Last updated: March 16. 2013 11:50PM - 3841 Views
By - smocarsky@timesleader.com - (570) 991-6386

John McKeown of Wilkes-Barre, holds a statue of a 19th-century Irish immigrant and siblings as he discusses Irish history.
John McKeown of Wilkes-Barre, holds a statue of a 19th-century Irish immigrant and siblings as he discusses Irish history.
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As Northeast Pennsylvanians celebrate the feast of St. Patrick with parades, spirits, traditional foods and dance, one might wonder if it was the luck of the Irish that brought the traditions to Luzerne County.

That depends on how you look at it, according to John McKeown, one of the Friendly Sons of St. Patrick and an area expert on Irish history.

The 92-year-old resident of the East End of Wilkes-Barre – a traditionally Irish section of the city – became interested in his heritage as a young man and has been studying Irish history most of his life. He and his wife have visited Ireland about a dozen times, he said, and he was involved in running an Irish studies program at King’s College for 30 years.

Like many European immigrants, residents from the northern part of Ireland began coming to the United States in the early 1800s with hopes of making their fortunes and leaving behind English rule, McKeown said.

But it was famine associated with the widespread failure of the potato crop in the mid 1840s that led to the deaths of about a million Irish and led another million to emigrate, seeking work and a better life in Europe and America.

“The Irish who came to this area of Northeastern Pennsylvania really came because of the coal mines and the fact that there were jobs, even though the jobs were totally different than the ones in their culture (farming),” McKeown said.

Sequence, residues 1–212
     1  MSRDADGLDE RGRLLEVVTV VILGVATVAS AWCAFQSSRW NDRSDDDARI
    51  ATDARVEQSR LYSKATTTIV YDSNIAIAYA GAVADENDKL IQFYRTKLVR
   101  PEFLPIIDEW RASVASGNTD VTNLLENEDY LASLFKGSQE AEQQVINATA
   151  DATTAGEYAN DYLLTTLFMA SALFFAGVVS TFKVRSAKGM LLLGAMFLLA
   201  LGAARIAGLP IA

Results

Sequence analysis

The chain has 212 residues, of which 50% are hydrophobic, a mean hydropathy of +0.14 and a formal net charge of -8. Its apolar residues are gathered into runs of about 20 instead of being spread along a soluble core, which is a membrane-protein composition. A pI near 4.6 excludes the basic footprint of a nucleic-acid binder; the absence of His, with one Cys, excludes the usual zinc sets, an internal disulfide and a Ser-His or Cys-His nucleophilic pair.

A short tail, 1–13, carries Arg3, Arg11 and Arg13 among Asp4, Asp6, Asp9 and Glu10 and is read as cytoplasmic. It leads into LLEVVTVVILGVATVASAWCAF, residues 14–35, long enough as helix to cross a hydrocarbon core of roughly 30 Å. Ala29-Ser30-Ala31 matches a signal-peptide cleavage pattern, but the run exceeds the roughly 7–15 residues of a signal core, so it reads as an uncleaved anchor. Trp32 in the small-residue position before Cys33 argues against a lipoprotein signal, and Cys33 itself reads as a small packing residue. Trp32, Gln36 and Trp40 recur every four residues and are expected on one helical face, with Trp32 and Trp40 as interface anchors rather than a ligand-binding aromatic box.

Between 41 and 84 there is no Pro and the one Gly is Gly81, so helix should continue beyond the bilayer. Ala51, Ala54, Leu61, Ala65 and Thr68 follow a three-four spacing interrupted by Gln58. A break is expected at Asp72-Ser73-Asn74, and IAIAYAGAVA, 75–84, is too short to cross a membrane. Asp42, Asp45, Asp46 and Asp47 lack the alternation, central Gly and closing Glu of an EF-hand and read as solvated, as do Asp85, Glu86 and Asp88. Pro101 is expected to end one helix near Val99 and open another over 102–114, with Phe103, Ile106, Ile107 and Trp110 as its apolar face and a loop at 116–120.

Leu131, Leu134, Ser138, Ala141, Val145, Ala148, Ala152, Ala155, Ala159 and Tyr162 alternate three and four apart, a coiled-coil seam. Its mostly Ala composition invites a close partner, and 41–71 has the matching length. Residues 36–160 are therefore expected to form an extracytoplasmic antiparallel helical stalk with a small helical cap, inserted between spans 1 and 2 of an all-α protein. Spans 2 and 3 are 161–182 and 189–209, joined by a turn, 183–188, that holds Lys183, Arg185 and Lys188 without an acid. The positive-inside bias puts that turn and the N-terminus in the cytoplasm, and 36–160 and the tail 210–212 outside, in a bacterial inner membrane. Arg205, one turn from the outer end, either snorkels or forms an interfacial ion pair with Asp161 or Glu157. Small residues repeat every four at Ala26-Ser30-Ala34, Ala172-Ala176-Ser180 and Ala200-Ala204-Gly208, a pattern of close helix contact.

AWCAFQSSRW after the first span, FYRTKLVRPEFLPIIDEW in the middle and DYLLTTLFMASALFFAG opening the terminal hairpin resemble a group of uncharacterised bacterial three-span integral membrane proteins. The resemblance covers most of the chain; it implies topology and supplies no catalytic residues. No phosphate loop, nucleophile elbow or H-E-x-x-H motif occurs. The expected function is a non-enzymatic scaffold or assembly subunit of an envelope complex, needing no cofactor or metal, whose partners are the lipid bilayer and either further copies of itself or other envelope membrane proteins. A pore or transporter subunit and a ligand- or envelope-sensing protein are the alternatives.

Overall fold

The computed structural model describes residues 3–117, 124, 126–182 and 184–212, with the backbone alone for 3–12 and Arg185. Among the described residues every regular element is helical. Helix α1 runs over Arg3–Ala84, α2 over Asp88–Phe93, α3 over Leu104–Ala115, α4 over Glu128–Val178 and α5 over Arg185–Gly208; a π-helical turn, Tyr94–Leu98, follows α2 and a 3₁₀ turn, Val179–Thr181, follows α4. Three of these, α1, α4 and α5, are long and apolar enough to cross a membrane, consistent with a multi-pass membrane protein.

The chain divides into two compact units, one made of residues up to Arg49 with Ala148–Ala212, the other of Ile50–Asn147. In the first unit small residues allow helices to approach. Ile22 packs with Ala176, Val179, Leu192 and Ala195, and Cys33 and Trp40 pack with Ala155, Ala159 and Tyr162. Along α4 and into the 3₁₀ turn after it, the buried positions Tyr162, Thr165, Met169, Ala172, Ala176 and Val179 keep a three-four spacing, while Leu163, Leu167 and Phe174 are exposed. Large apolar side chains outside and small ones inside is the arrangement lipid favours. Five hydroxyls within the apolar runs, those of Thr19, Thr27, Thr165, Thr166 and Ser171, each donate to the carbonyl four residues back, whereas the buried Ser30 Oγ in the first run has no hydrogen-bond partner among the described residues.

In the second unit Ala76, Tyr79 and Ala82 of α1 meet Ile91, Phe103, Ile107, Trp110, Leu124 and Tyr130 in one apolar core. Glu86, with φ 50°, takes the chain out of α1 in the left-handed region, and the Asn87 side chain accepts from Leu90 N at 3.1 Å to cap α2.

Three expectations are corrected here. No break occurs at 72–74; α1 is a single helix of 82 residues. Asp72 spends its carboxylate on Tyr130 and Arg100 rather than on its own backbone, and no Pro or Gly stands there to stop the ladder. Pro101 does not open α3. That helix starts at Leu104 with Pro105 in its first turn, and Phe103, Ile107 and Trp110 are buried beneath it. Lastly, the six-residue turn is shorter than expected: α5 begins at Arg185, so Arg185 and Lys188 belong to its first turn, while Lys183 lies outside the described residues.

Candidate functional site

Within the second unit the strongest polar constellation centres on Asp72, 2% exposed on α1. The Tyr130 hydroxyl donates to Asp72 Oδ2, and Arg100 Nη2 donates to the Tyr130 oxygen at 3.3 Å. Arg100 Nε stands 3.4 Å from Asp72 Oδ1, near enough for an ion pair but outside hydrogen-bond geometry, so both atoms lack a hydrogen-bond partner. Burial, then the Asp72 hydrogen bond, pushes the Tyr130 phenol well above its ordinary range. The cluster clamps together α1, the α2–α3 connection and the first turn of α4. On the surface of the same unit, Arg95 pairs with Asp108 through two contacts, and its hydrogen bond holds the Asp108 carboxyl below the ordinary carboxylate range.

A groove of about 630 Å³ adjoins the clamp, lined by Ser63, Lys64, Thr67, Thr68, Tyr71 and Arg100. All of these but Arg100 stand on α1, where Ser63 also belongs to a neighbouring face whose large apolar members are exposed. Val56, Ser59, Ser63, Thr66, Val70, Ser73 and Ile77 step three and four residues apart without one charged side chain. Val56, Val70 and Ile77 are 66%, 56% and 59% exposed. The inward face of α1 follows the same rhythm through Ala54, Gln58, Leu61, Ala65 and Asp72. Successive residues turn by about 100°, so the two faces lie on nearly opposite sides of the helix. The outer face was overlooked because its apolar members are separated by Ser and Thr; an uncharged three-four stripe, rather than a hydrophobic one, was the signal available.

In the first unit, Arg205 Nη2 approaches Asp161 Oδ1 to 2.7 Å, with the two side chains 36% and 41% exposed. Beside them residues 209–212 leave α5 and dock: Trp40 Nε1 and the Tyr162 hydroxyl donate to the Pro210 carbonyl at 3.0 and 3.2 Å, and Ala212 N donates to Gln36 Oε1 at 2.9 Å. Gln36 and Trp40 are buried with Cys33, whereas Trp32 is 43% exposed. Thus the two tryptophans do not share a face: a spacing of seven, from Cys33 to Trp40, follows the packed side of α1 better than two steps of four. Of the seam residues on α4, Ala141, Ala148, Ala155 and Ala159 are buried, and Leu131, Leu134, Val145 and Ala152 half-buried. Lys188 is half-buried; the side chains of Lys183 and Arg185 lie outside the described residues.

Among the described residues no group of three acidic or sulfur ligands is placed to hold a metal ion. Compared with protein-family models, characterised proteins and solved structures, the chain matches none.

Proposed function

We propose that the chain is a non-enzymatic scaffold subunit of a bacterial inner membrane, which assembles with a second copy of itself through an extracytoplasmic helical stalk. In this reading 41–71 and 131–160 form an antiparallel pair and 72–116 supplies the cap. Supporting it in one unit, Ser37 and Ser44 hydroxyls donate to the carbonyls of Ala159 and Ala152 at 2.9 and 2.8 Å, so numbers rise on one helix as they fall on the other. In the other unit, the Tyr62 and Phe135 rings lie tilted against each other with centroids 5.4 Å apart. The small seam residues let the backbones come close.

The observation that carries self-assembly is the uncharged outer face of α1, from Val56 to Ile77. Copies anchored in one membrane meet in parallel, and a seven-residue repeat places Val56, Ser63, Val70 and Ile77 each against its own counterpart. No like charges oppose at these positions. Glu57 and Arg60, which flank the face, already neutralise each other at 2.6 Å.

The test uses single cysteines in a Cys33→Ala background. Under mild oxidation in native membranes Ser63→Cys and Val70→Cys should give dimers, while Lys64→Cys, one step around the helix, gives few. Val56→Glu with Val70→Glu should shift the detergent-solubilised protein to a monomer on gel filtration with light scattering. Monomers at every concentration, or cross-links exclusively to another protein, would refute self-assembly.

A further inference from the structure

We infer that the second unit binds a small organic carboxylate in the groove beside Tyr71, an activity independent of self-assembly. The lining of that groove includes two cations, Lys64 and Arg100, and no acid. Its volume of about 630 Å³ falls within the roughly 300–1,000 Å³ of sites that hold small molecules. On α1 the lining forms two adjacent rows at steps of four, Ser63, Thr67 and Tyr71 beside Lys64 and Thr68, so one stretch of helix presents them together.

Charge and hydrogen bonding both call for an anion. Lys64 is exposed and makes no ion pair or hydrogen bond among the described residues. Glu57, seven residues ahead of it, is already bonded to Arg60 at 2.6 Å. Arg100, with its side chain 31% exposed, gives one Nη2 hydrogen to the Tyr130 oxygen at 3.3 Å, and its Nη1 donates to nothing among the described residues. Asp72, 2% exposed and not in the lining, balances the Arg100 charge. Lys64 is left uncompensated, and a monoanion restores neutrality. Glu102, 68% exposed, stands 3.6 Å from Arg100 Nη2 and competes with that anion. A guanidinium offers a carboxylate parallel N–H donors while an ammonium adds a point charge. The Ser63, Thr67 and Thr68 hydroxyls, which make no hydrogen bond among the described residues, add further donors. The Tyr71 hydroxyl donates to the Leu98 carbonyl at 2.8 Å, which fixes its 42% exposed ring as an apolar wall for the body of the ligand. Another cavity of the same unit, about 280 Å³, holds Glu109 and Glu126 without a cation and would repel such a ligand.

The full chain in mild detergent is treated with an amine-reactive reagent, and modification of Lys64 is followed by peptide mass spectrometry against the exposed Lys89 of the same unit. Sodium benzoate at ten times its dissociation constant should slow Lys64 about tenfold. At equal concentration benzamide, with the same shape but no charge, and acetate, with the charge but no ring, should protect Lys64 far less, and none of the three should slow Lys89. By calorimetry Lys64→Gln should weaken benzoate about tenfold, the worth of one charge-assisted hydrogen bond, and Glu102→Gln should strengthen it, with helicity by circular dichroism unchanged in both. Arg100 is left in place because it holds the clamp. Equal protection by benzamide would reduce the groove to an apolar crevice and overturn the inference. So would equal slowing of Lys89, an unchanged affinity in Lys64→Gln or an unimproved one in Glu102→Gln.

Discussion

Most Irish who settled in this area came through the port of Philadelphia because Ellis Island in New York wasn’t open until 1893, McKeown said.

First wave accepted

The first substantial influx of Irish immigrants came to this area in the 1870s and 1880s, he said, and they were warmly accepted by employers, unlike those who settled in big cities such as New York and Boston, where they were infamously greeted by signs in shop windows stating, “Irish need not apply.”

Unfortunately, work in the anthracite mines of Northeastern Pennsylvania was hard and dangerous, and unlike the Welsh immigrants who were skilled miners, the Irish were given the less favorable labor jobs.

As Eastern Europeans began arriving, the Irish began to climb the social and professional ladders.

“When other immigrants started coming, the Irish moved up a notch. They got jobs as firemen, policemen, mail carriers,” McKeown said, noting entry into politics soon followed.

And then it was Lithuanians, Slovaks, Polish and Italians who were the least favored. They did not assimilate as easily because they didn’t speak English, as the Irish did.

Still, all of the ethnic groups had a shared experience in their suppression by the coal barons, and it was an Irish priest – Father John Curran – who helped them organize unions and eventually fight for the rights of workers.

Curran became good friends with President Theodore Roosevelt, and the two worked to help the miners negotiate with the mine owners to gain better working conditions and a little better pay.

Curran was pastor at Holy Saviour Church in the East End. A famous photograph of Curran, Roosevelt and Bishop Michael Hoban outside the church is a common inclusion in historical books about coal mining in the Northeast.

McKeown proudly pointed out a historical marker outside the church, which is across the street from his house.

The reason Wilkes-Barre and many other communities had Irish and ethnic sections was because immigrants from particular countries came together in waves and settled near people who spoke their language, McKeown said.

Irish pride apparent

And now — with St. Patrick’s parades in Scranton and Jim Thorpe one weekend and Wilkes-Barre the next, Irish beer and food specials in taverns, and Irish flags and green clothing sported just about everywhere — it’s easy to see that pride in Irish heritage and a celebration of the culture is still alive and strong in Northeastern Pennsylvania.

The grandson of three Irish immigrants (his mother’s mother was German), McKeown said that pride in Irish heritage is most evident today in music and dance, as step dancing is not an easily acquired skill, yet there are no less than four step dancing groups in the area.

And the heritage is promoted by several groups. In addition to the Friendly Sons, there is the Donegal Society, the Ancient Order of Hibernians and the Ladies AOH as well, McKeown said.

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